Nathaniel Bowditch Statue

December 1, 2011

The Nathaniel Bowditch Statue, created by R. Ball Hughes, is regarded as one of the sculptor’s best works.

When Nathaniel Bowditch (1773-1838) died, the passing of the noted mathematician, astronomer, and navigator was mourned around the world. “As long as ships shall sail, the needle point to the north, and the stars go through their wonted courses in the heavens, the name of DR. BOWDITCH will be revered,” the Salem Marine Society wrote (Salem Marine Society Eulogy, On the Death of Nathaniel Bowditch, 1838). A celebrated scientist, Bowditch was the author of The New American Practical Navigator. The Guide, published in 1802 and printed in over 70 editions, made sea travel far safer, and ships, including U.S. commissioned naval vessels, still carry it today.

In 1843 Boston leaders, whose trading ventures to the East Indies and Africa had greatly benefitted from Bowditch’s perfection of navigation techniques, formed an association to build a monument in honor of the Salem native. “The public gratitude is raising an appropriate monument to his memory, at Mount Auburn, expressive of the simple grandeur of his genius and fame, which will arrest the attention of every traveler to that sacred and beautiful retreat of the dead,” Daniel White said in his eulogy of Bowditch (Daniel Appleton White, An Eulogy on the Life and Character of Nathaniel Bowditch, p. 55).

In 1847 the statue was completed by Robert Ball Hughes (1806-1868), the distinguished English-born sculptor, and cast by the Boston Foundry Gooding and Gavette. The first life-size bronze cast in the United States, the commanding statue depicts Bowditch seated on a granite Egyptian-style pedestal, a globe and a sexton on his left, and Mechanique Celeste, the book he translated, resting on his right knee.

“Nathaniel Bowditch was a self-made man and exemplary New England citizen, just the kind of character that Mount Auburn’s founders hoped to celebrate in their new Cemetery,” according to Meg L. Winslow, Mount Auburn’s Curator of Historical Collections. Nathaniel Bowditch is buried in his family lot at Mount Auburn on Tulip Path. Regarded as one of R. Ball Hughes’ best works, the statue is a cenotaph.

Mount Auburn placed the statue on the rise of the first hill just above the Cemetery entrance and surrounded it with an iron fence and plantings that created a protected, ornamental space for the majestic piece. “It was by far the most elaborate form attempted to date for an individual in any American funerary setting,” historian Blanche Linden-Ward explains (Silent City on a Hill: Landscapes of Memory and Boston’s Mount Auburn Cemetery, p. 237).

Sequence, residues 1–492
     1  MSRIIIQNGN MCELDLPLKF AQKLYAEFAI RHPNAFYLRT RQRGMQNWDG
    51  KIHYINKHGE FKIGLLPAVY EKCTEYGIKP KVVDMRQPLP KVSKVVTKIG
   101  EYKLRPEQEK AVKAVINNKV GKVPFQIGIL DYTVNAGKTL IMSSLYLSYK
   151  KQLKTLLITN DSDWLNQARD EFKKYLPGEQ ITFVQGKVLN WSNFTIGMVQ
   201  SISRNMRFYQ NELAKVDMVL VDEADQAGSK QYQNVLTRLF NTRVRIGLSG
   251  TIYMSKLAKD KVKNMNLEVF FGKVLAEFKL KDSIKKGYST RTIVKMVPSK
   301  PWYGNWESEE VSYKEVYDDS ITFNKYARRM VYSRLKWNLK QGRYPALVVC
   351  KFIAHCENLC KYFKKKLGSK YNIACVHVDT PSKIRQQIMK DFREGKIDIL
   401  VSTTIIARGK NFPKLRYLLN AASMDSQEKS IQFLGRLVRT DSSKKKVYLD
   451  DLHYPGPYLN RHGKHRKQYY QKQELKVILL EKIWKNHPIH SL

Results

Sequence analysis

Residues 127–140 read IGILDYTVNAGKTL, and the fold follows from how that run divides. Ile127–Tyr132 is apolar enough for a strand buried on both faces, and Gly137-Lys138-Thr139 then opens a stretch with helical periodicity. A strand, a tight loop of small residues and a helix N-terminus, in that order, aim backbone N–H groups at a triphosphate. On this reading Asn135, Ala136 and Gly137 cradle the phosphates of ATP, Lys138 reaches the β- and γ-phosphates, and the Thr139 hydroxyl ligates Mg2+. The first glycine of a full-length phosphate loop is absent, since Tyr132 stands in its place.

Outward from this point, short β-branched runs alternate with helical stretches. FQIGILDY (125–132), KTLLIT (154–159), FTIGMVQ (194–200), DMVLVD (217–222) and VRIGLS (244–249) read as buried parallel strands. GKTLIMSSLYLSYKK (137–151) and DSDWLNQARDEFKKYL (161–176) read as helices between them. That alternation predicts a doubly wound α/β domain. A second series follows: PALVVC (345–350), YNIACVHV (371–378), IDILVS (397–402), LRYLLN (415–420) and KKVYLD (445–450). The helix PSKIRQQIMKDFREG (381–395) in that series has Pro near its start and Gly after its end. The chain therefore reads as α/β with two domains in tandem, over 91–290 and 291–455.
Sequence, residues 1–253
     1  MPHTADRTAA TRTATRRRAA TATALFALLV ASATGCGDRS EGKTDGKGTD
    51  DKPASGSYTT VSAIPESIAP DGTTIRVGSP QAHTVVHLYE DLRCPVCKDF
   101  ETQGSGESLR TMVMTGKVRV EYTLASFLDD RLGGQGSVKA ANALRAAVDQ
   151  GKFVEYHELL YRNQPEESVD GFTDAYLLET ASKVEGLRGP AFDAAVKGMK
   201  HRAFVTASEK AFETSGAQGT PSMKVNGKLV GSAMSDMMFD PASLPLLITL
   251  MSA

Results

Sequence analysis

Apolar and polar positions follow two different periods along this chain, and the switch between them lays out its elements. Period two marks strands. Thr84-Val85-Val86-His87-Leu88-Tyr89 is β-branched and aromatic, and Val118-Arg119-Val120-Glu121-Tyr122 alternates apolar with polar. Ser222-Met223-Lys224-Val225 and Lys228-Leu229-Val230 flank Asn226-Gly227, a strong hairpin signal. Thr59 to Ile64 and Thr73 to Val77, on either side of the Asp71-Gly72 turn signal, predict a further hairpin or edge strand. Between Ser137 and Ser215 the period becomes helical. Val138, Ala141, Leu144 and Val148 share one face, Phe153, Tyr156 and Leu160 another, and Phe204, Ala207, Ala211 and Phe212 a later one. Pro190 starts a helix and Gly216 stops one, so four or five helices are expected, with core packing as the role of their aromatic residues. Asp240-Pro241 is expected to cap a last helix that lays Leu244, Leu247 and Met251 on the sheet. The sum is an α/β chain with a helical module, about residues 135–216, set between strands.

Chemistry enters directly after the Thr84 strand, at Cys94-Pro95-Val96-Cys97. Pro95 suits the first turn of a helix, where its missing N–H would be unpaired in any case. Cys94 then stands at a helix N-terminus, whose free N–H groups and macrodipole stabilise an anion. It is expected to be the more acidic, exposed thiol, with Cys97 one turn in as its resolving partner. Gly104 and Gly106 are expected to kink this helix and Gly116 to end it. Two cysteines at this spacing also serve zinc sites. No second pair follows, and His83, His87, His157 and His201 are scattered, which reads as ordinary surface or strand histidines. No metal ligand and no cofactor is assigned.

By the 1880s severe weathering had caused cracks to appear in the bronze and the metal to begin to scale off. The Bowditch family sent the statue to be recast at the Gruet Foundry in Paris in 1886. Over time, the surface of the second casting had become streaked with a light green and black copper sulfate and carbonate corrosion. The protective coating was exhibiting an ashy flat brown appearance and the tones and textures of these accretions were beginning to obscure the details of the sculpture.

Before conservation.

After conservation.

Conservation treatment during the summer of 2011 included filling in cracks and pits, removing the build-up of coatings and corrosion, and cleaning the bronze, which uncovered a striking green color. The treatment, undertaken by one of the leading art conservation firms in the country, Daedalus, Inc., of Watertown, Mass., has not only preserved the magnificent memorial, but also brought to light the original color and details of the life-size bronze cast. Early photographs in the Cemetery’s Historical Collections Department provided clues about the statue’s original condition and helped to determine the final patination color as did other casts known to the conservators that came out of the Gruet foundry in Paris. Conservators heated the bronze, applied patinating chemicals, covered the statue with an acrylic coating, and then waxed and buffed the bronze, which now exhibits a lovely deep brown color.

The treatment enables future visitors to appreciate the fine details of the cenotaph-from Bowditch’s pensive gaze to the soft folds in his robe-and ensure the long-term preservation of the statue and sensitive depiction of the man of science described as “a guide to [his fellow-men] over the pathless ocean, and as one who forwarded the great interests of mankind.” (Salem Marine Society, 1838).

Daedalus, Inc., also worked on the life-size plaster cast of Nathaniel Bowditch in the collection of the Boston Athenaeum. (See: Boston Athenaeum E-newsletter: November 2010, Volume 4, Issue 11 “The Conservation of a Historic American Masterpiece.”)

Adapted from the “Preservation Highlight” written by Melissa Banta for the September 2011 issue of the Friends of Mount Auburn electronic newsletter. Melissa Banta is a Historical Collections Consultant for Mount Auburn Cemetery.

About the Author: Melissa Banta

Consulting Curator, Historical Collections View all posts by Melissa Banta →


  1. Judi says:

    I have gone by this piece of beauty all of my 61 years going to family graves and always wondered about it. Thank you for you writing I has gained so much by reading it . My family has long roots with the Mt Auburn ,my grandfather was a gardener there now over a 100 years ago. Many of the ponds and trees are a piece of his life work and family pride.

    • Jennifer Johnston says:

      Thank you Judi! So wonderful that you have a family connection to Mount Auburn and that you continue to enjoy coming here six decades on.

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